The scene of the crime:
Rebekah: I made the doctors and nurses take me out of the car. In hindsight that seems smart: it wasn't my car, it was my moms car. We were trying to get out of the house so quickly that we jumped in her car. I’m sure she’d be thrilled that we’d come back and be like, “Your granddaughter is part of this forever.”
Maeve: The people at the hotel were super nice: they sent me a cookie basket. They kept calling to check I was OK. The local news called them, and they were wondering if we wanted to be on the news (it was fine with them).
On being approached by the media:
Maeve: I didn’t agree to be on the news because I felt I was going to regret it later. My husband was like, “Do you want to be on TV with your hair all messed up, in a hospital gown, after this crazy experience? Do you really want that to be on TV?” No, I did not. We delayed our interview until we got home, and then we just canceled it because it was weird and we were over it.
Rebekah: I was glad that I’d worked as a creative director because I knew what makeup I needed to look less tired. You need eyeliner. Not so much that you look like you’re wearing too much makeup, just enough to not look like I hadn’t slept in two days.
Maeve: With her, maybe, because my labor was shorter, I wasn't lying in a bed. it seemed to go much faster. I felt better the next day, even an hour later.
Maeve: That was a cementing life experience. We both brought our baby into the world with nobody else present or helping. We were, for a little while, the only people responsible for her. You’re used to having other people there saying “That's normal,” or “Her fingers are a little blue.” There wasn't anybody to tell us if she were a boy or a girl. My husband was so frantic, I was so out of it, we didn't even know until later.
Advice for others in your situation:
Rebekah: Be comfortable with being some doctor's cocktail party story. And be comfortable with the idea that you can’t control anything. Whatever your birth plan is, it’s your birth maybe.
Maeve: I got very disoriented about how we should call for help. I was like “Call the doctor! No, it’s an emergency! Call 911.” We called them, but we didn’t know where we were. So, know where you are, and find some towels.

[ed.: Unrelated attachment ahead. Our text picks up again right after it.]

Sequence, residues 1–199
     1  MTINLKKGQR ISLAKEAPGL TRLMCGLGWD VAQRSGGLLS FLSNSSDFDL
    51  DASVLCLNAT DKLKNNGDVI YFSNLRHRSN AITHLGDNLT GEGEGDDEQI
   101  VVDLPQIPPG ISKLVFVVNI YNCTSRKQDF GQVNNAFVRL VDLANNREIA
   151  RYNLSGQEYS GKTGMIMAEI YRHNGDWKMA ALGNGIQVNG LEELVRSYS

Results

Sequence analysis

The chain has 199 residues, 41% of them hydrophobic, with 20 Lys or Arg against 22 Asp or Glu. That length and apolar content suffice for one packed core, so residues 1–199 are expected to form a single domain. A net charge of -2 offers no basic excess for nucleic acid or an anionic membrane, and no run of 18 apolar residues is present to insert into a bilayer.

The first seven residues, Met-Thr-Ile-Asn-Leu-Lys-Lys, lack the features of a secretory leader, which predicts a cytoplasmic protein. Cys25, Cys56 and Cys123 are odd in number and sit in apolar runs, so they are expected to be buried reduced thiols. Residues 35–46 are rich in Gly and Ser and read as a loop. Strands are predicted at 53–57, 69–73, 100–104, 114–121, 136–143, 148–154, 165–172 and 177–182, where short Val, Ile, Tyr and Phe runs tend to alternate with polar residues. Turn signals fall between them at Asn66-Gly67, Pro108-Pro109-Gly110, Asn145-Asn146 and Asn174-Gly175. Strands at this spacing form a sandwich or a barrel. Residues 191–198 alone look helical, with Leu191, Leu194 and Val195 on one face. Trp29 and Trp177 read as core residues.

On that noteworthy baby:
Rebekah: With her, we had IVF, I had to travel 50K miles for work -- she and I had always been on this adventure. Maybe this was the fitting cap to that journey. Who would deign to come in the banal way? “No, bitch, I’m gonna come in and win a thousand dollars.”
Maeve: I hadn’t had anything traumatic happen with the other two so I had a moment after she was born where I was like, “Did I make the right decision for her?” “Was I not being a good mom to her because I didn't fight to stay at the hospital?” I got really upset and my husband was like “No, we tried to stay at the hospital. We argued with them for three and a half hours. Don’t get upset. They are the experts in that situation.”
What helped me is that I had to decide if I was going to be mad about her birth or feel OK about it. Part of the reason why I don’t have lingering resentment is that I had to decide I don't want her birth to be a bad story. I wanted it to be nice. It was a quiet moment, just the 3 of us. I don't think of it as a terrible thing that happened, because I can’t think of my daughter's birth that way.
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This issue is brought to you by the ritual of getting cute for an out-of-town trip, as if everyone at the water park/Disney cruise/Florida retirement community/road stop/Indianapolis Sheraton is going to get one look at your pedicure and be like:
One Witchy Thing
There's no happier sound in the universe than someone else's child throwing a tantrum
— Richard Rushfield, father of two